“The goal for Erin Hills has always been an upscale public course,” says Tock. “For what we offer, $200 isn’t outrageous in today’s world.”
A quick update on today’s (golf) world: courses are closing, annual rounds are down, tour events and tour players are scrambling to find sponsors or to keep the ones they have. Golf is suffering from the triple whammy of negative labels; they all start with the word “too”: too hard, too much time and too expensive.
As for the specific world of resorts and courses, all across the country they’re playing a Darwinistic game of musical chairs; not everyone’s going to survive. For the third straight year there have been more course closures than openings, according to the National Golf Foundation.
The financial piano was falling on Erin Hills until Andy Ziegler came to its rescue in October 2009. Ziegler, a wealthy Milwaukee businessman and avid golfer, has the luxury of long-term financial security, and he might not care about a popularity contest based on what the locals (or Golf Digest) think of his price point.
In June 2010, Erin Hills was awarded the U.S. Open and has undergone all the improvements detailed above. I get the sense that Erin Hills is a very cool hobby for Ziegler; a second course for himself and his buddies at the Milwaukee Country Club, where Ziegler and his consigliere at Erin Hills, Jim Reinhart (former Vice President of the USGA) are both members.
Hearing “price hike” and considering a $200 green fee, it seemed Erin Hills was going from public to private in a transitional phase of the industry when most courses are doing the exact opposite.
But after my lengthy conversation with Tock, and after I did some comparisons of other green fees in the area, I thought: maybe $200 is what Erin Hills should be charging?
Just up the road, at Whistling Straits in Kohler (blue arrow at top), the Straits course charges $410, the River course charges $240, the Irish and the Meadow Valleys courses both charge $180. Another neighbor of Erin Hills, The Bog (blue arrow in the middle), a very good privately owned public course designed by Arnold Palmer, they charge $95. Across the border, Dubsdread at Cog Hill near Chicago, the course Erin Hills beat out for the 2017 U.S. Open, the green fee is $155. Would it have stayed at $155 if they landed the Open? Would Erin Hills (blue arrow on the left) have gone up to $200? We’ll never know.
And, are all of those courses enjoying success at those particular price points? I can’t imagine green fees north of $400 surviving for another year. If Jack Nicklaus overuses the soap box of the need to roll the ball back, I want to be accused of overusing the demand to roll the green fee back to where we it was 10 years ago. (If Pebble goes back to $325, then every other public or resort course would have to adjust accordingly.)
Here’s a list of the six public courses that have or will host a U.S. Open by the end of 2017, and the green fee for non-residents on peak-season weekends:
Pebble Beach: $495
Pinehurst (No. 2): $410
Torrey Pines (South): $229
Erin Hills: $200
Chambers Bay: $175
Bethpage (Black): $150
I can’t say Tock sold me on the concept of raising green fees, but he did give me a better understanding of the business model at Erin Hills. “We’re not a dollar-driven facility,” he says. “We’ve made a very nice intimate golf experience, there are 12-minute gaps in tee times [most courses go with eight] and we’re looking for 12 to 14,000 annual rounds, depending on the weather.”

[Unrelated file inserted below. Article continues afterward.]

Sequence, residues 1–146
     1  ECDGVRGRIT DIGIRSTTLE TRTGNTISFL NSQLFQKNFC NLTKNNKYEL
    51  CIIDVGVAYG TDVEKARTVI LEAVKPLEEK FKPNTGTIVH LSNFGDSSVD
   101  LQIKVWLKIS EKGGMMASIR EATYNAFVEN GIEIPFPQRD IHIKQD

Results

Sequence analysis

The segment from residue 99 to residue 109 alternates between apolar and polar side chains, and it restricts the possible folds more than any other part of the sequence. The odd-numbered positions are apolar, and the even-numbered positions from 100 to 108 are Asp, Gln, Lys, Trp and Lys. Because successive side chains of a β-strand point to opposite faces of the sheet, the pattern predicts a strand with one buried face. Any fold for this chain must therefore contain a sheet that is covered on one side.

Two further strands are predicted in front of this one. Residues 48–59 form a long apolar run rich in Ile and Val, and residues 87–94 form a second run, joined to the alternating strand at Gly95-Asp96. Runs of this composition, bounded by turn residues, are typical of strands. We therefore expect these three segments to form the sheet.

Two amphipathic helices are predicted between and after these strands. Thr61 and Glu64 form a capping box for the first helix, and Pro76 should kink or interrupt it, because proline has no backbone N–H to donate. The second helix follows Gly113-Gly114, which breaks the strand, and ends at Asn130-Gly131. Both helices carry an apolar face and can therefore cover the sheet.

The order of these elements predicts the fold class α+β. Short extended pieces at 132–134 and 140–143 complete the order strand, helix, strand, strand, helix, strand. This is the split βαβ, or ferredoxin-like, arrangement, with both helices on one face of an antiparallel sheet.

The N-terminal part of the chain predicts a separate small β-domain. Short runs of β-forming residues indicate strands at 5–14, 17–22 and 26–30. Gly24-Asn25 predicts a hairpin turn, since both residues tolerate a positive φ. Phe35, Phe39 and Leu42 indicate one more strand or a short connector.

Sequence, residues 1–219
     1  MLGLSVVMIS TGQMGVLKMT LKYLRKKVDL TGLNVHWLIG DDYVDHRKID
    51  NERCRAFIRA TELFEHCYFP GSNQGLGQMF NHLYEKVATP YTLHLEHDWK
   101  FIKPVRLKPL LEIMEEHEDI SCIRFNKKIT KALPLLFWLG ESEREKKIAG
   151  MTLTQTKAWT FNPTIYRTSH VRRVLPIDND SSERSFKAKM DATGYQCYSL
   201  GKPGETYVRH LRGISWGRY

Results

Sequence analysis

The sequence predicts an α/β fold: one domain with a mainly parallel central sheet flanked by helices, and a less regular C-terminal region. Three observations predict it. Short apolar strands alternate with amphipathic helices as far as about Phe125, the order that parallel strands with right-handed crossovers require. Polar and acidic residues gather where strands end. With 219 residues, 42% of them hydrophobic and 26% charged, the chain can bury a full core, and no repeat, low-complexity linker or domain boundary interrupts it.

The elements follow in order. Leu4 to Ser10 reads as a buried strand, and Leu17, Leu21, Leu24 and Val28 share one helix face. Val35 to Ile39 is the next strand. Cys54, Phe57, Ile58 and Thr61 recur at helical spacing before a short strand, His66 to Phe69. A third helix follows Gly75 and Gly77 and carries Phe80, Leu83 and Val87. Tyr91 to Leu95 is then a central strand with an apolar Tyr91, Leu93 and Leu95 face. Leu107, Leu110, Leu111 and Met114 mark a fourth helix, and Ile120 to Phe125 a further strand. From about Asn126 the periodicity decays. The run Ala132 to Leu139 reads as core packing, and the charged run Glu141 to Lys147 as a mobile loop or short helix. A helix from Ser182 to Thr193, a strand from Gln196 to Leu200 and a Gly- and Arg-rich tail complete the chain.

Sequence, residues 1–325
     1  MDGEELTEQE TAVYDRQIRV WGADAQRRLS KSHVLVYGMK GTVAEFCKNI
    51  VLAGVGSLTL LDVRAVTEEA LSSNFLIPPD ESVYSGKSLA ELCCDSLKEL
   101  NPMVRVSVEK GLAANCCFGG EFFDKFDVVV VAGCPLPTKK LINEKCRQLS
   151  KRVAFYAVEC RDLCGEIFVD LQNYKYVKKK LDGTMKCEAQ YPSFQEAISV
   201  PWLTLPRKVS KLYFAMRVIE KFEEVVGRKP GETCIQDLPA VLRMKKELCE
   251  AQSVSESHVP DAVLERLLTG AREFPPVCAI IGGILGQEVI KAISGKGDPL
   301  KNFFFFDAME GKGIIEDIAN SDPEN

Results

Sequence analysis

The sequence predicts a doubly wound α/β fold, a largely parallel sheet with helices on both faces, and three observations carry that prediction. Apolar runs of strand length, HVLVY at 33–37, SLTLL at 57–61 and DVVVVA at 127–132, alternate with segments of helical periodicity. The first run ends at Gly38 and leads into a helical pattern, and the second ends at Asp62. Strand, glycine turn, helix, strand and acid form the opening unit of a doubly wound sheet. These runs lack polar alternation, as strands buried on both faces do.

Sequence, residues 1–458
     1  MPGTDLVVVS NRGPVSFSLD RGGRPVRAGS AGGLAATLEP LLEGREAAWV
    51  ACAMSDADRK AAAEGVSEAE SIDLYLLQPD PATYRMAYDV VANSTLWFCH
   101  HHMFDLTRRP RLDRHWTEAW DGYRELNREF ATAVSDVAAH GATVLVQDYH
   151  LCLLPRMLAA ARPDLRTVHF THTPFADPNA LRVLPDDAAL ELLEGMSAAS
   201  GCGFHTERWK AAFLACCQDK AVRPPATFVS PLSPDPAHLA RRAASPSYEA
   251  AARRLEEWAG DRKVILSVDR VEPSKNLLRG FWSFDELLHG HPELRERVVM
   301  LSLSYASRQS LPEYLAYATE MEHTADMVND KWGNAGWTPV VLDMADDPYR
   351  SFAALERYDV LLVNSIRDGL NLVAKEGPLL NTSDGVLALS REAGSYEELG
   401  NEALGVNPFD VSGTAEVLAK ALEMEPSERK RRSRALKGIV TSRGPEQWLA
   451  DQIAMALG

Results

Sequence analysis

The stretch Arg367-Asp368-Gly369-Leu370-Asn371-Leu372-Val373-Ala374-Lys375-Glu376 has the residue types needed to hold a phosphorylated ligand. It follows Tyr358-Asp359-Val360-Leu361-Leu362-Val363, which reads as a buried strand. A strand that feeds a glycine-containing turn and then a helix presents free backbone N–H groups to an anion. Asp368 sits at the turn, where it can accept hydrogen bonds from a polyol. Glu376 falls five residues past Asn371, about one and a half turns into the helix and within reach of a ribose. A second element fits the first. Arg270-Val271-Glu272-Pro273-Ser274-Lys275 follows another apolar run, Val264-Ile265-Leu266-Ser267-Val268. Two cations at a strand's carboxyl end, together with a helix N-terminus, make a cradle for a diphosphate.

In my previous blog post you read about Chambers Bay, the other new public course that the USGA awarded an Open (2015). On the outskirts of Tacoma the mega muny is struggling financially despite hosting an Amateur and all the hype of hosting a future major. Chambers Bay has a much longer golf season than Erin Hills, they’re budgeting 35,000 annual rounds, they’re charging $175 in peak season, as low as $69 during their offseason, and they recently started offering locals unlimited golf for $2,400 per year (which is roughly $50 per round if you played once a week).
For now, Tock says, Erin Hills is not offering a break for locals, but they’re promising a significant deal for juniors accompanied by an adult. “Locals might not be able to afford to play five or six times a year, but they might come out once or twice,” says Tock. And he assures me they haven’t been flooded with complaints on the price. “Actually,” says Tock, “locals thank us for what we’re doing here. They look at us as yet another amenity to attract tourists to the area.”
Erin Hills was open for 10 weeks in 2010. The green fee was $160 and Tock says they recorded 5,600 rounds; 60 percent came from out of state.
Due to multiple major rounds of adjustments to the course design, conditioning issues and a change in ownership, 2011 will be Erin Hills’ first full year of business since it opened in 2006. Sort of. This year Erin Hills will be open on May 1 and close on Nov. 1. They’ll close for 17 days to host the U.S. Amateur.
“We’ve completed five years worth of projects here in five months,” says Tock. “By the time the Amateur is over, we’ll have a better idea of who our customer will be.”
On the subject of their customer and the recent round of projects, I told Tock that he’ll get a green fee out of me this year. The changes sound like they’re worth at least one more look; followed by my $200 question: Was it worth it?
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